Onslow’s further efforts in the legislative field were not well received. On 9 Apr. 1816 he attempted to interest the House in the registration of deeds and the protection of creditors from fraudulent devises, but his most ambitious endeavour was the repeal of the obsolete usury laws. He first tried on 22 May 1816. At length, on 21 Apr. 1818, he secured a committee and its report was the basis of a bill he introduced on 10 Feb. 1819, but he gave it up after a second reading. He admitted that the moment for it was not ripe, 9 June 1819.

Onslow was a steady opponent of the amendment of the Corn Laws in February and March 1815 and, having presented his constituents’ petition against the continuation of the property tax, 9 Feb., voted against it, 19, 20 Apr. 1815. He supported exemption from it for officers serving abroad, 1 May. He opposed the salary rise of the Irish master of the rolls, 7 and 19 June, and voted against the Duke of Cumberland’s establishment bill, 30 June, 3 July 1815. On 28 Feb. he made a solemn protest against the renewal of the property tax and, breaking into his circuit leave, presented his constituents’ petition against it, 18 Mar. 1816, on which day he paired with opposition. He opposed the leather tax, 9 May. He rebuked ministers for pretending that Sir Thomas Thompson need not vacate his seat on accepting the treasurership of Greenwich Hospital and voted against them on it, 12 June. He further joined opposition on the composition of the finance committee, 7 Feb., and Admiralty salaries, as Feb. 1817, on which day he told the House that he approved retrenchment, but not parliamentary reform. Despite his ‘superstitious reverence’ for habeas corpus, he consented to its suspension, 27 Feb. 1817. On 5 June, however, he opposed the reappointment of the secret committee on sedition. He voted for the suspension again, 23 June, but against making it of indefinite duration, 26 June. Named after Speaker Onslow, he revered the Chair, proposing an increase in salary for the Speaker, 14 July 1814, and supporting his friend Charles Williams Wynn in the election of 2 June 1817. On 7 July 1817 he applauded Brougham’s investigations into impediments to the education of the poor. He opposed the ducal marriage grants, 13 and 15 Apr. 1818, the Bank restriction, 18 May, and the imprisonment of sellers of radical books, 21 May.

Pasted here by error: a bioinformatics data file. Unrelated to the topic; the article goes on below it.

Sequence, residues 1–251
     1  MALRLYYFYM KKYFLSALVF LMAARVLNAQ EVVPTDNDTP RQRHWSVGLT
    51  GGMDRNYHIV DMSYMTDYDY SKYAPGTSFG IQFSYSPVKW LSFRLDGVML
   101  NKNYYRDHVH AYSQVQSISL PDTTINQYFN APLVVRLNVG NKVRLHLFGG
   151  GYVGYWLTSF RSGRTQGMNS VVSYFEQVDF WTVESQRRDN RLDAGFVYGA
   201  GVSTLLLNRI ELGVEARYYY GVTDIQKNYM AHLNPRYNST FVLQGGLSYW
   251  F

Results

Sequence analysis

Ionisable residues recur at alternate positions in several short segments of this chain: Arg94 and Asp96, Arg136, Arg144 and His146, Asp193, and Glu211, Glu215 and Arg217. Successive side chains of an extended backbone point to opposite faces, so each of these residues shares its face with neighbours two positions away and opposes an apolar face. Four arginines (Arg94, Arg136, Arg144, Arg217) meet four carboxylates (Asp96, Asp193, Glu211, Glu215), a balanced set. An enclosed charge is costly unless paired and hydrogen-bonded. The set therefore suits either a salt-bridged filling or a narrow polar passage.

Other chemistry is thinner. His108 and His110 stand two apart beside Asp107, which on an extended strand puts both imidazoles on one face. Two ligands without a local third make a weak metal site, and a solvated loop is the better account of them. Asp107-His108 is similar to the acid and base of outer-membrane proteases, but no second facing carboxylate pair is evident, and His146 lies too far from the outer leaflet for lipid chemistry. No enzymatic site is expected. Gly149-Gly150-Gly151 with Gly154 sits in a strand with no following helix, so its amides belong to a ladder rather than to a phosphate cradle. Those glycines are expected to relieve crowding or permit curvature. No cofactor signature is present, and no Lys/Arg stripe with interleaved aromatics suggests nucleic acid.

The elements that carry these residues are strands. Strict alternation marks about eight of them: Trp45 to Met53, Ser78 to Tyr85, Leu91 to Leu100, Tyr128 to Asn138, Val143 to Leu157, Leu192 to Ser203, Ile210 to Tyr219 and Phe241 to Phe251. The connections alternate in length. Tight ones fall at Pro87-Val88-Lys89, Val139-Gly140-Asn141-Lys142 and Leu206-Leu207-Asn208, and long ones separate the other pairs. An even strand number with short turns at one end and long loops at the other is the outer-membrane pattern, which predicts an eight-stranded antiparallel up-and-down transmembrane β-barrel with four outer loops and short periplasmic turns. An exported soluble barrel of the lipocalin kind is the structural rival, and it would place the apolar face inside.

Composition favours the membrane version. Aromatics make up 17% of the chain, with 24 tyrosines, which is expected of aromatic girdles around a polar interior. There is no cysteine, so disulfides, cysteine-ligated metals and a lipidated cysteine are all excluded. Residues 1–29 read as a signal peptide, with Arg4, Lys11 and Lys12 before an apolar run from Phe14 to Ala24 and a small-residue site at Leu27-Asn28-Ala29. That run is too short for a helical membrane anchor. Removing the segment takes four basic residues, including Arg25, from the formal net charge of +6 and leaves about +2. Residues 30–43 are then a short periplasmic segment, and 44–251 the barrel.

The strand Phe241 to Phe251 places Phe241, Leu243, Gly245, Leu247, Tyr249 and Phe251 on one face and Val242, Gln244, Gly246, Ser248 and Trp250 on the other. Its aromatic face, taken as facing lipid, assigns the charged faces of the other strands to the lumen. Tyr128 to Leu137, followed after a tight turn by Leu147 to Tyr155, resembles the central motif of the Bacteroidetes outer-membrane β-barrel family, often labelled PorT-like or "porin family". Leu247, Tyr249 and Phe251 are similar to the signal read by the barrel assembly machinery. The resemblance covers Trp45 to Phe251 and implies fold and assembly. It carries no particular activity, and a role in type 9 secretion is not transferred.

Onslow was placed third in the first ballot for the secret committee on the Bank, 3 Feb. 1819, having voted for it the day before, but he was not included in the final ballot. He voted for the addition of Brougham to it. Acting at this time under the observation of his friend Williams Wynn, he voted for economy in the royal household, 22 Feb., 19 Mar. Having supported the county Member Sumner’s campaign against the building of a new London prison at the expense of the orphans’ fund, 24 Feb., 21 May 1818, he also objected to doing so at government expense or by means of the tax on sea coal, 1 Feb. 1819. (On 20 May he voted for the repeal of the sea coal duties.) He voted for burgh reform and supported the electors oath bill, 6 and 7 May, but objected to the abolition of plural voting and preferred to reform corrupt boroughs like Penryn by the tried expedient of extending the franchise into the adjoining hundred, 17 Dec. 1819. He was in the minorities against the navy estimates and the foreign enlistment bill, 2 and 21 June. He objected to the language of a Reading petition against the conduct of the magistrates at Peterloo, 30 Nov. 1819, being confident that the meeting there was ‘directly illegal, seditious, and dangerous to the public peace’. He also defended the newspaper stamp duties bill as a preventive necessity.

Onslow remained in Parliament until he went blind. He died 8 Oct. 1833.

J. Wilson, Biog. Index (1808), 254; Woolrych, Eminent Serjeants-at-law, ii. 772; Romilly, Mems. iii. 134-5; Buckingham, Regency, ii. 323; The Times, 10 Oct. 1833.

Ref Volumes: 1790-1820

Authors: Brian Murphy / R. G. Thorne